poisoned welis in Africa, the poison gases Ypres, tearing Belgium's treaty, and Germany's countless other outrages on humanity, honour and civilisation, will be taken in full. . T h e criminals of C. H. P o t s d a m will foot the bill. One of life's n e w worries is tl^at of prov ding: a n a c c u r a t e riescriptJon of o^arseiwen f o r (yasspof* pui"poses should vwe w/ant t o t r a v e l a b r o a d . T h e t r o u b l e is t h a t our cvan fine ideas of Q«r ovjm f e a t u r e s do not a l w a y s coincide w i t h t>>e c r u d e i deas of o t h e r people—the ofHcials wtho Siawo t o enarwiftc t h o passports, f o r instance.—(By iV!r. W. K. Maseiden.) necessarily t h i n k t h a t " a l l is l o s t " because h e t a k e s a black view of t h i n g s ; it is merely h i s way of b u i l d i n g a s u r e f o u n d a t i o n for h i s p l a n s or j u d g m e n t s . •The pessimist often a t g u e s t h a t if h e look at t h i n g s i n t h e worst possible light h e will n o t b e disappointed. W h a t e v e r h a p p e n s n n i s t be to t h e good. I n some ways t h a t is a s o u n d b u s i n e s s prinoipie, b u t carried to extreme it spells stagnation. T h e b u s i n e s s m a n w h o always a s s u m e d t h a t h i s debtora v/ere about to go b a n k r u p t would n o t e x p a n d h i s o w n b u s i n e s s very much.. City-road, B.C. PESSIMIST. want t o figlit, b u t we v\-ill flglit now tliat %vi' m u s t , a n d figlit a s m e n h a v e never fought before. B u t few of u s icani t o tight, a n d there are none who want to come b.ome withoiit a n a r m or leg. .f-ixLisraD .ANI> PsojroTETj, Greenwicii. A SLACKERS' BATTALION.

L O V E A T FIRST SIGHT. It lies not in our power to love oi' hate, For will in U9 is overruled by fate. When two are Gtripped, long ei-e the course begin, Wo wish that one should lose, the other win; And one eapecialiy do we affect Of two gold ingots, lihe in each respect ; The reason,no man knows; let it sufEce What we behold is censured by our eyes. Where both deliberate, the love is slieht : Who ever loved, tha^.ioved not at firsl sight? —MAHLbwn. IN MY GARDEN. aiAY 7 . ~ A s potatoes a p p e a r , above, t h e soil tliey s h o u l d be carefully e a r t h e d u p ; t h i s will protect t h e m from frosts a n d . d o , a w a y w i t h weeds. This is a suitable time t o Bow bee'trdot. Row i n rows t h a t a r e about 15in. .apitr-t a n d thin o u t t h e p l a n t s later on t o Bin. apart.-, Cauliflowers^and cabbages can.bp sef.put no.w, ill good grouird, while late peas a n d brQccoli (for early s p r i n g use) m a y be sown d u r i n g t h a ooniiiig weelc, ' E."iP. T. '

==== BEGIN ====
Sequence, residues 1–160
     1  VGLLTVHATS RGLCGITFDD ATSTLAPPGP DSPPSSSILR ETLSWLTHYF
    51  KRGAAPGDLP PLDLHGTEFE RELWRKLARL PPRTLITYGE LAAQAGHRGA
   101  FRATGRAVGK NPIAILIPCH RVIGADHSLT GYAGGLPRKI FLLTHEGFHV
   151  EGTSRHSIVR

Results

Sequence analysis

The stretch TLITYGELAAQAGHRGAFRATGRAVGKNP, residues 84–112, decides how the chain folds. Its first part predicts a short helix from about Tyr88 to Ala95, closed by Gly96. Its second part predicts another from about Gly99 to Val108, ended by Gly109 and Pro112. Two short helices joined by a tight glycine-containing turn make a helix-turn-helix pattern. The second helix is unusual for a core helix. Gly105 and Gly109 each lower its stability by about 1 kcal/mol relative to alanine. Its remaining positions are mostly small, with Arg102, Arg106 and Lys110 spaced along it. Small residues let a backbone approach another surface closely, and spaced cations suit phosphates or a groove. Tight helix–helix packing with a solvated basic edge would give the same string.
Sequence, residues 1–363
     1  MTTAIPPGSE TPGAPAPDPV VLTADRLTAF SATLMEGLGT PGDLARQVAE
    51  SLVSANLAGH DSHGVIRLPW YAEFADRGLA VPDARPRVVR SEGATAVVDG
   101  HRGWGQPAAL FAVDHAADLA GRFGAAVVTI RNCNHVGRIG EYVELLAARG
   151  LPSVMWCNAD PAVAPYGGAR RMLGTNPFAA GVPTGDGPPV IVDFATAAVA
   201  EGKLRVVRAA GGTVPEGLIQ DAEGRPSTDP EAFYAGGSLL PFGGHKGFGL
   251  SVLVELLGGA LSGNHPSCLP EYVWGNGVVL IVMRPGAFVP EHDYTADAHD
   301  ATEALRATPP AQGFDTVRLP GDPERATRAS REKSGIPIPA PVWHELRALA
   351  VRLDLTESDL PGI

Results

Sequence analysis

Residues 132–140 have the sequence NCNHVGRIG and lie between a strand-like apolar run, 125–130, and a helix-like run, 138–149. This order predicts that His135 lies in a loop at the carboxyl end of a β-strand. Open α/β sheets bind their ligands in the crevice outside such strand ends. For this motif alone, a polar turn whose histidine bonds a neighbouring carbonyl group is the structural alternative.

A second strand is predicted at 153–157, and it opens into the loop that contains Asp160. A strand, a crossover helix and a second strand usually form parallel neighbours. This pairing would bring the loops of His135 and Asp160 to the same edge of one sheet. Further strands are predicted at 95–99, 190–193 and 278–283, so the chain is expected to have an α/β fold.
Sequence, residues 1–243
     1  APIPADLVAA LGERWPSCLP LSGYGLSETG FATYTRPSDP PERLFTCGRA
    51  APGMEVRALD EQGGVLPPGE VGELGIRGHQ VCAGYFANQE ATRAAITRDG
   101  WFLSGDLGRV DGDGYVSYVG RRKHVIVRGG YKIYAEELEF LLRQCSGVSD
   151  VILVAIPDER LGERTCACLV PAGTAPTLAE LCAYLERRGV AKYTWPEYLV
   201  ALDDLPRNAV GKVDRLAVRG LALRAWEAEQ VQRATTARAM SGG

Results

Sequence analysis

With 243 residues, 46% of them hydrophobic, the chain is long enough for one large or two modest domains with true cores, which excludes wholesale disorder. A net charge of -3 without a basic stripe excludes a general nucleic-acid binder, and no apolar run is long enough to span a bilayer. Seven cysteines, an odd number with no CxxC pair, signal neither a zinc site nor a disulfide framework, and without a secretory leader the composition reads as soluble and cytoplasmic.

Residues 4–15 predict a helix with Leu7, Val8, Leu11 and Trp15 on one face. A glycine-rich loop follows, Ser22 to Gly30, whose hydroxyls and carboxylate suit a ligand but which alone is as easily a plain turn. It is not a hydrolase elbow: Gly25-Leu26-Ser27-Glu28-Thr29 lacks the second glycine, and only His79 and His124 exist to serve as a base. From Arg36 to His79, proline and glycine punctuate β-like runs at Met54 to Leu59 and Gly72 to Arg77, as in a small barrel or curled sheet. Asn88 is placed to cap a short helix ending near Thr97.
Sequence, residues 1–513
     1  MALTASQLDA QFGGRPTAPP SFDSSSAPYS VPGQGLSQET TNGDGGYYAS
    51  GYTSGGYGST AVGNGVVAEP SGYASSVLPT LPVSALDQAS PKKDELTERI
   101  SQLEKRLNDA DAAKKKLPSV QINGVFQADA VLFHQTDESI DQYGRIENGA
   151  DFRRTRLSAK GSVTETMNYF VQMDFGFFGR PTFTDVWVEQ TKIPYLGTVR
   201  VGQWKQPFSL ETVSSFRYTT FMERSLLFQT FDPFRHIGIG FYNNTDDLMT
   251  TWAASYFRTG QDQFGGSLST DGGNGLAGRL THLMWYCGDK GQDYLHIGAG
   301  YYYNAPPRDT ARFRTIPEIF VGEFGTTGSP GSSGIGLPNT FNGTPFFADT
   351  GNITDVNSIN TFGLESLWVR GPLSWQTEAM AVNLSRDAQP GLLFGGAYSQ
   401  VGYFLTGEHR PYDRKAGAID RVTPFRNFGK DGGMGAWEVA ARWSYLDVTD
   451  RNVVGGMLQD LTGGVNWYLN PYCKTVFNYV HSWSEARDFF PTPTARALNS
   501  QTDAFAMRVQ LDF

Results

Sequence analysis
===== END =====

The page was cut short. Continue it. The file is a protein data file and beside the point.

Ol! soiuc ini'iatix tha iii'sseai i!]>i? !;• (ipatlty. people caiuiot Iv mo'.ed. Thev talk. I'Ut do nothing. riuwcve:' niiritai>en t h e actions o!' tnisyhotbi may b e . tiieir motive-^ arc .right. Tlu'y are w.i ing and irei>a!ed to lielp. MAUCTS.

THE CURSE OP APATMV. \VilA'J'ii;Vl';K may be t h e ;-.lioiaromiugB of llie •' llusybodies," at least they can claim credit fur I' tiic greatest curses <A'

A riH)V(;nT roR TO-DAY.

W H Y not start a Slackers' B a t t a h o n , u s i n g walkKvoryone confesses, that tlic move wfi c a n feel ing-sticks instead of rifles a n d allowing sweet- with all that is huinai), the lietter a n d fresher h e a r t s to a c c o m p a n y t h e recruits a s R e d Cross we are, t h e nioi'C oapid)Je of fine enjoyment, tlia n u r s e s ? I a m sure siieh would be a full s t r e n g t h .more delightCul a n d iisefui to t h e world. . . . battalion. K. A, S, B u t very few make it, as CiirisL did, t h e busin.ess of their live?;. 3Ien liave rniU'C interest i n busiCANNOT t h e roots of o p t i m i s m a n d p e s s i m i s m ness, !n gettiog nil, in whal they call p r a c t i c a l "SOLLY"? too often h& f o u n d i n selflshness? T h e optimist FOR YEARS women h a v e been tauglit t h a t life, wliicli uieans l i n i n g tlieir pockets, t h a n i n is t h e m a n w h o h a s little t o lose, t h e pessimist their only aim i n lite is m a r r i a g e . I t is obvious, learning, :luough love of m e n a n d w o m e n , to h e w h o lias m u c h at stake. 0 . Y. C. however, t h a t tlie v"hortage of njen after t h e war know why m e n a n d WOULCU weep a n d rejoice, will teach women tliat their t r u e goal is not t h e why tiiej-'ovc and h a t e , i\ow tliey live a n d love folly of njarriage, b u t a noble i n d e p e n d e n c e , by and d i e , of what stuff h u m a n n a t u r e is inade,, T H E PASSING WINOGW-BOX. which t h ' p y w i l l devehip all that is good a n d and h o w i: behaves in t h e varied circumstancefi of t h e great d r a m a we a r e playing in sight of AS A VISITOR t o London m a y I ask t h r o u g h bei,iet\t LliejKjglyes and tlie naSJOii. the nniveise.- SInpford Hroolie. your widely-read p a p e r : w h e r e a r e t h e windowruiLKirv.

"Page 8





Lady Allan, wife of Sir Hugh Montagu Allan. Sir Hugh was not on board.

Lying alongside the Liverpool landing stage.

Note the boats. The pass! the Riverside Railw.^

Looking down on the boat deck. Here the passengers had plenty of room to walk about and enjoy the fresh sea breezes.

Miss Allan, daughter of Sir Montagu Allan, who was on board with her mother.


^ ."J..,V>C.

.The captain's bridge^ showing apparatus for controlling the vesseL